National Partnership Board - behind the scenes

Rhydian Parry from Powys,
who has previously written on this blog about his experience as a volunteer on Patients’ Council, is one of four people with lived experience sitting on the National Partnership Board. He spoke enthusiastically to us next about what it’s really like to be a rep at that level.

At a recent NPB meeting Rhydian gave a presentation about a questionnaire around crisis services. He received a good reaction, and crisis services were subsequently discussed at each of the local partnership meetings. Rhydian described this as: “A step forward. Progress.” He and the other reps are often invited to do other things. They recently attended a talking therapies conference in Cardiff. “We are able to speak to reps from all the health board areas and find out the waiting times across Wales. If someone is now waiting 6 months to see a psychotherapist that is good – it used to be a 2 year wait.” Rhydian also spoke about his work with the police around detaining people under a Section 136.

Meriel Richards and Kate van den Ende, the two other Powys reps on the NSUCF, also contributed to the update. Meriel said that “at the last meeting it really felt as if we were part of the forum. It’s chipping away.” Kate added: “It states in legislature that they have to listen to us.” She described the slow process of winning influence. “There is now a good chance to say that this is the way it should be.”

Issues that are raised by the reps can be taken by mental health commissioners at Powys teaching Local Health Board to service providers and further information requested. The reps are clearly making a difference. Even so, it was identified that the task is huge. Someone from the audience said: “like trying to move a mountain with a wheelbarrow and a hand shovel”.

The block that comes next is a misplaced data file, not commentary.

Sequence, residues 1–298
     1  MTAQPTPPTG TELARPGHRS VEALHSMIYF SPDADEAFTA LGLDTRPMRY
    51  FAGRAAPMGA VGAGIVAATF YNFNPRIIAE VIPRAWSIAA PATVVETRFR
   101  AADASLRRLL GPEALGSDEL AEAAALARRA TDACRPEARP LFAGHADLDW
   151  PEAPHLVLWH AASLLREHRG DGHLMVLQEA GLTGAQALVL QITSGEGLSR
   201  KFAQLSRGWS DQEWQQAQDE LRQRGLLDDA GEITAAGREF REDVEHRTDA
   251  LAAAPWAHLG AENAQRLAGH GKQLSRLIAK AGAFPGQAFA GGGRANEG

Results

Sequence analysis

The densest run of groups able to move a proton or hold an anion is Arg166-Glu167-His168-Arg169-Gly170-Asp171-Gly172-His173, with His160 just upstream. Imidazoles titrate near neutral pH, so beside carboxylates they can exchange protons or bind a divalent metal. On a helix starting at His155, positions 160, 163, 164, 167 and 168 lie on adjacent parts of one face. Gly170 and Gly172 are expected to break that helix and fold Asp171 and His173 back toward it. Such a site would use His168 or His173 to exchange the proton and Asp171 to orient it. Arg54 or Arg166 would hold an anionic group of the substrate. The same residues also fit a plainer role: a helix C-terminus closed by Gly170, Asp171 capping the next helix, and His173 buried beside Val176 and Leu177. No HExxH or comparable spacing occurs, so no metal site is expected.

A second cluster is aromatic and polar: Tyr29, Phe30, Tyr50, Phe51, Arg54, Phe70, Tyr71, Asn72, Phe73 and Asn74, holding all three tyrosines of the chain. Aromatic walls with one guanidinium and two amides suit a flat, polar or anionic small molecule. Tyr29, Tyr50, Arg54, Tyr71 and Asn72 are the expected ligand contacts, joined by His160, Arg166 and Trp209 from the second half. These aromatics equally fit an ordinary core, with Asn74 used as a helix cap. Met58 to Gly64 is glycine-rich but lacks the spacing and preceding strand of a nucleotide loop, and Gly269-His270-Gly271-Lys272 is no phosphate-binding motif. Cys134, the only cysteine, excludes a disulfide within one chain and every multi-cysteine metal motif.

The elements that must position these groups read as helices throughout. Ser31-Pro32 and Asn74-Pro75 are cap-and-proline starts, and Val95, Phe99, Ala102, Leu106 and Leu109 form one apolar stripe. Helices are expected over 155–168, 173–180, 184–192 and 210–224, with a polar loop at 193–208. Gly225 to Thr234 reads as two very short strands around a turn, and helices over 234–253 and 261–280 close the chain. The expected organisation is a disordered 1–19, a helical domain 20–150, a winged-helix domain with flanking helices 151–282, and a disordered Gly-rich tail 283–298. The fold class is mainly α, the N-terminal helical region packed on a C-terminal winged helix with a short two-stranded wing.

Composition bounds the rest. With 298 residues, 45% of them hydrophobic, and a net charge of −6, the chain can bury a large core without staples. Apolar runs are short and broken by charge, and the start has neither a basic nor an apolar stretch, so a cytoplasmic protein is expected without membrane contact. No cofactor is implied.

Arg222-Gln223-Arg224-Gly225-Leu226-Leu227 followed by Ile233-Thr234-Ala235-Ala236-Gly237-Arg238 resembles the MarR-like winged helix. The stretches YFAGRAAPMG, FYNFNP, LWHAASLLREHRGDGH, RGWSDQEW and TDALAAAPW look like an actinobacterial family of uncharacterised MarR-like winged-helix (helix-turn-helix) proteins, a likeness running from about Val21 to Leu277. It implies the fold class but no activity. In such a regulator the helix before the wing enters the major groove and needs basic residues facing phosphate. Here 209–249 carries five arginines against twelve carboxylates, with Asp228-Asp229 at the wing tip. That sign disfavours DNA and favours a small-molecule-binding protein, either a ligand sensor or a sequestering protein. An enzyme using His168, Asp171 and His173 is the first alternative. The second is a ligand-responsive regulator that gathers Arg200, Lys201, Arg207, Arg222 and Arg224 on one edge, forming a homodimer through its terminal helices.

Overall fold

Not everyone likes to attend meetings to have their voice heard. Other suggestions for encouraging people to contribute their opinions included using social media and email, encouraging feedback in GP surgeries, and putting up posters on school noticeboards.

Freda opened up the discussion to ask people attending to tell us what they believed to be the current gaps in services. The key areas were well familiar to us all, and included the long waiting lists for psychological therapies, and the failure of Children & Adolescent Mental Health Services (CAMHS) to meet all young people’s needs. It seemed as if some agencies struggled to signpost people to support services in the voluntary sector. One carer of a young person said: “I would feel empowered if I had the information I need – not completely on my own having to deal with things.”

There was also a real appetite for finding out more and trying alternative approaches (what we have called Beyond Medical) such as the Soteria House promoted by the Soteria Network and the Finnish Open Dialogue approach.

Louisa Kerr updates us

Louisa Kerr, Partnership & Project Support Officer for the Powys Mental Health Planning & Development Partnership, was next welcomed to the event to speak about upcoming priorities for the health board. These include:

- Enhanced Primary Care services;

- Acute Care in the community;

- Repositioning for older people;